Factoring Polynomials** **is defined as finding factors of a polynomial into smaller non-divisible polynomials. Factorization results in the factors that when combined together, make the same polynomial. Factoring a polynomial is the opposite process of multiplying polynomials.

Any polynomial of the form F(a) can also be written as P(x) = Q(x)*D(x) + R where Dividend = Quotient * Divisor + Remainder .

If the polynomial F(x) is fully divisible by Q(x), then the remainder will be zero. Thus, F(x) = Q(x) * D(x). Thus, the polynomial F(x) is a product of two other polynomials Q(x) and D(x). There are several ways to solve the polynomial equation which depends on the terms.

## Greatest Common Factor [GCF]

The first method for factoring polynomials will be factoring out the greatest common factor. When factoring in general this will also be the first thing that we should try as it will often simplify the problem. To use this method all that we do is look at all the terms and determine if there is a factor that is in common to all the terms. If there is, we will factor it out of the polynomial.

In this, we are using distributive law which is **a(b+c)=ab+bc**. So, finding greatest common factor we reverse the distributive law where a is common so we factor it out using the reverse distributive law as **ab+ac = a(b+c)**.

Some of the identities used while factoring polynomials are:

- a
^{2}− b^{2}= (a+b)(a−b) - a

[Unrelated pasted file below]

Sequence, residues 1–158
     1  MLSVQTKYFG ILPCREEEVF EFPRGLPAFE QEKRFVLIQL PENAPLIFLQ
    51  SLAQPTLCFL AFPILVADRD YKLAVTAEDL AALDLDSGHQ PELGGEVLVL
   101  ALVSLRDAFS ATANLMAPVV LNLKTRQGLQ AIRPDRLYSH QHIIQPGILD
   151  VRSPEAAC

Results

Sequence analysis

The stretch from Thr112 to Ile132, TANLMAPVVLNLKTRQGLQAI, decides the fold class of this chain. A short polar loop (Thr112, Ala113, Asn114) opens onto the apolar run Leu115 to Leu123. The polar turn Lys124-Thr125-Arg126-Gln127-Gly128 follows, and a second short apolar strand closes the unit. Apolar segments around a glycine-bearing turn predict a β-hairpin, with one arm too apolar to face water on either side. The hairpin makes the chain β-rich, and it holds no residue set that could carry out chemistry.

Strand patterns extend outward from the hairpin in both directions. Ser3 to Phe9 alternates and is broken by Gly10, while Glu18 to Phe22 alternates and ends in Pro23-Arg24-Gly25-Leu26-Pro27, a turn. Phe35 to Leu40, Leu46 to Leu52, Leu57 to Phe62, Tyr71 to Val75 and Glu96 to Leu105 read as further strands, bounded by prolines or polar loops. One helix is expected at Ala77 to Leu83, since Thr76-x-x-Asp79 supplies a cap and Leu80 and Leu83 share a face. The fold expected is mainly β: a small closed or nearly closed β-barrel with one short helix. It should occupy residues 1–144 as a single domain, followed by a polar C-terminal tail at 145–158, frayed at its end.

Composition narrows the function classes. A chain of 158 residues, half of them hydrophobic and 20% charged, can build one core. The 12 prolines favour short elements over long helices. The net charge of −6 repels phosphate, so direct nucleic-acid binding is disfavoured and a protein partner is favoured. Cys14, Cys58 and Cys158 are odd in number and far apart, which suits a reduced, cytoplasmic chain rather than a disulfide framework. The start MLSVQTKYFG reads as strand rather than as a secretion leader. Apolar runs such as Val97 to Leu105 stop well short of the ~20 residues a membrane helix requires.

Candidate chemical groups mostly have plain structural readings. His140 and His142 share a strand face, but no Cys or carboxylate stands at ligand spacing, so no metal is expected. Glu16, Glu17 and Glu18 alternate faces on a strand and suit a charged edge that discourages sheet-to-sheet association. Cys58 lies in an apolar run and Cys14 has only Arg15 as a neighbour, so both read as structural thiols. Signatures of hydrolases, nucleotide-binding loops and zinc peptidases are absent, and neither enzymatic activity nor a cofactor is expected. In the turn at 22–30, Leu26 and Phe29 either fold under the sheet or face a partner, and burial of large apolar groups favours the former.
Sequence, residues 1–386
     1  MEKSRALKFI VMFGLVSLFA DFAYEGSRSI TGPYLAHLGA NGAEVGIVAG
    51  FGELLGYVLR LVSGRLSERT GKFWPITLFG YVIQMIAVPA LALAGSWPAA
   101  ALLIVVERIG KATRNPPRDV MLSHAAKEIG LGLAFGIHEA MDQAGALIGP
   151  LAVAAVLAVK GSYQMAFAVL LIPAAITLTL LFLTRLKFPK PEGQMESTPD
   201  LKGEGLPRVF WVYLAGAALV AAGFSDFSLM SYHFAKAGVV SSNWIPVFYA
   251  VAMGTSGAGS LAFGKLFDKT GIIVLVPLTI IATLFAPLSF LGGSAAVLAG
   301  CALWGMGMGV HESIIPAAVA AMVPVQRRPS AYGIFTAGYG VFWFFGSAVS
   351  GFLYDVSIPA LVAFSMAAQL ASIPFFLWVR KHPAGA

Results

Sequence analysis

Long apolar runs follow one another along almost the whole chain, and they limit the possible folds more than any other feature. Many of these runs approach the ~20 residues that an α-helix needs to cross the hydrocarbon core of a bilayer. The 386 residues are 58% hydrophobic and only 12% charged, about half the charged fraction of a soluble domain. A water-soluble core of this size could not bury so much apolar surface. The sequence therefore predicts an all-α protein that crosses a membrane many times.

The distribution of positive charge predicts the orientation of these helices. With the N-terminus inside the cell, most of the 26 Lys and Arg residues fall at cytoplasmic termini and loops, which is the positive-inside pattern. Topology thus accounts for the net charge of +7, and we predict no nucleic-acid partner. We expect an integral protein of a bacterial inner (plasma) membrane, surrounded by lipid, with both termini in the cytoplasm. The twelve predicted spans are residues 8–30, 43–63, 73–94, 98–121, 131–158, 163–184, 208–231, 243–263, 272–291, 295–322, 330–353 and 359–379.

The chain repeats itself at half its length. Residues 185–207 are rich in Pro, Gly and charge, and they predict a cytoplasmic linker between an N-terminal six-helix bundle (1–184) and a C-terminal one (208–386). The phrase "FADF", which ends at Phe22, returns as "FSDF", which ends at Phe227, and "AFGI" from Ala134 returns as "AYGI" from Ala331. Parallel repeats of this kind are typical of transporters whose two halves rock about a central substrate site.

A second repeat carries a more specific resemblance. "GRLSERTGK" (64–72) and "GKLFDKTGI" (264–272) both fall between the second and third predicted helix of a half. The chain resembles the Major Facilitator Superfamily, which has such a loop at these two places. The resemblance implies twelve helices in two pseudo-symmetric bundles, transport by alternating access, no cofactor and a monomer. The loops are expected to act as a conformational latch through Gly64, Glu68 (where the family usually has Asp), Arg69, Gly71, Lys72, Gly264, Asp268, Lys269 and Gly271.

^{2}+ 2ab + b^{2}= (a+b)(a+b) - a
^{2}− 2ab + b^{2}= (a−b)(a−b) - a
^{3}+ b^{3}= (a+b)(a^{2}−ab+b^{2}) - a
^{3}− b^{3}= (a−b)(a^{2}+ab+b^{2}) - a
^{3}+3a^{2}b+3ab^{2}+b^{3}= (a+b)^{3} - a
^{3}−3a^{2}b+3ab^{2}−b^{3}= (a−b)^{3}

**Example: **Find GCF from the following polynomial:

**Solution: **1. =

2. =

## Factoring Simple Polynomial

Step 1. Find common factors of GCF

Step 2. Use suitable method to solve the polynomial term.

**Example 1: **

**Solution: **By reversing the distributive law and findind the common factors we have, =

**Example 2:**

**Solution: ** =

## Differences of Two Squares

Remember the formula for solving the differences of two squares polynomial is

**Example 1: **

**Solution: ** = (y-2) (y+2)

**Example 2: **

**Solution: ** = (2x+9) (2x-9)

## Factoring Quadratic Polynomials

It has the form such as where the coefficients *a*, *b*, and *c*, are real numbers. As we know that the largest exponent in a quadratic polynomial will be a 2 and by using the proper quadratic formula we can solve those equations.

**Example 1: **

**Solution: **This particular polynomial is factorable. First, ac=−15 and the factors of -15 are-1 are -3 and 5. So, by expanding the middle term and then group the factors.

= = x(x-3)+5(x-3) = (x-3)(x+5)

**Example 2: **

**Solution: **This particular polynomial is factorable. First, ac=9 and the factors of 9 are 1 are 3 and 9. So, by expanding the middle term and then grouping the factors.

= = (x+3)(x+3)

## Exercise

Factorise the following polynomials:

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